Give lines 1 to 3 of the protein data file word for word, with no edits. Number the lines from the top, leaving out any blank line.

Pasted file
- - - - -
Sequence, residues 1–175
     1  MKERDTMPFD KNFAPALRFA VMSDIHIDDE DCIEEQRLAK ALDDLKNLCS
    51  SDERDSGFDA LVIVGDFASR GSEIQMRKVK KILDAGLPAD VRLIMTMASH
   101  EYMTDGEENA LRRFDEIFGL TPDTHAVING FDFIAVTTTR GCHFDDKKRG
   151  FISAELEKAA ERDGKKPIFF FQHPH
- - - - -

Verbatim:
Sequence, residues 1–175
     1  MKERDTMPFD KNFAPALRFA VMSDIHIDDE DCIEEQRLAK ALDDLKNLCS
    51  SDERDSGFDA LVIVGDFASR GSEIQMRKVK KILDAGLPAD VRLIMTMASH